In the 1790s, a small British ship, the Hankey, set sail on a mission to establish a colony free from slavery. Drawing on archives from several continents, this book tells the little-known story of how an altruistic project had disastrous consequences that changed the course of history: the ship brought yellow fever to the Americas, causing tens of thousands of deaths, assisting the revolution in Haiti and prompting Napoleon to sell the Louisiana Territory to the United States.
The South China Sea
The Struggle for Power in Asia
‘A fulcrum of world trade and a crucible of conflict’, the South China Sea, its shipping lanes and the ownership of its many island groups are matters of global concern. Bill Hayton, a journalist with long experience in Asia, gives a detailed account of the region’s complex history, from the earliest human migrations to the depletion of fish stocks today and problems of sovereignty and territory, which remain insoluble while China refuses to deal with these issues on a multilateral basis.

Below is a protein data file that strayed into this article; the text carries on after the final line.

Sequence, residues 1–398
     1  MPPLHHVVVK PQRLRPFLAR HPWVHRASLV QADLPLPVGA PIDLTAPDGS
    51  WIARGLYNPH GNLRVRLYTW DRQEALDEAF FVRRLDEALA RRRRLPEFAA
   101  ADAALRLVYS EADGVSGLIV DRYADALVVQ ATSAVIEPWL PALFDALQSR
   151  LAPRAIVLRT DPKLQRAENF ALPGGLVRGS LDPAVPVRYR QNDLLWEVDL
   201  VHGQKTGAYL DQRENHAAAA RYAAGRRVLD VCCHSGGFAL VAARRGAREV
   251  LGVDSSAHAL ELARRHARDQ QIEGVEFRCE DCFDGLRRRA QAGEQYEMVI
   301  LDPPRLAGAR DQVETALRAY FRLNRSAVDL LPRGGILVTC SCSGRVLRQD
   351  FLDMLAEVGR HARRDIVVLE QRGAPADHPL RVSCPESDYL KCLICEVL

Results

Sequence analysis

A Rich and Curious History of Pirates, Castaways and Madness
Daniel Defoe's famous castaway has been etched into the popular imagination for three centuries – but what of his island? This book identifies the real place – Juan Fernández Island in the South Pacific – and charts its colourful and often violent history. Drawing on voyage journals, maps and illustrations, Andrew Lambert brings to life the voices of visiting sailors, scientists, writers and artists from the early encounters of the 1500s to the naval battles of the First World War.
The Blandys of Madeira
Known for their winemaking and eclectic business interests in banking, tourism and media, the Blandy family have survived two centuries of wars, revolutions and economic blockades during their long residency on the island of Madeira. As well as portraying prominent family members, this volume recalls key events, including the acquisition of the island’s prestigious Quinta do Palheiro estate in 1885 and Churchill’s sojourn at their world-famous Reid’s Hotel.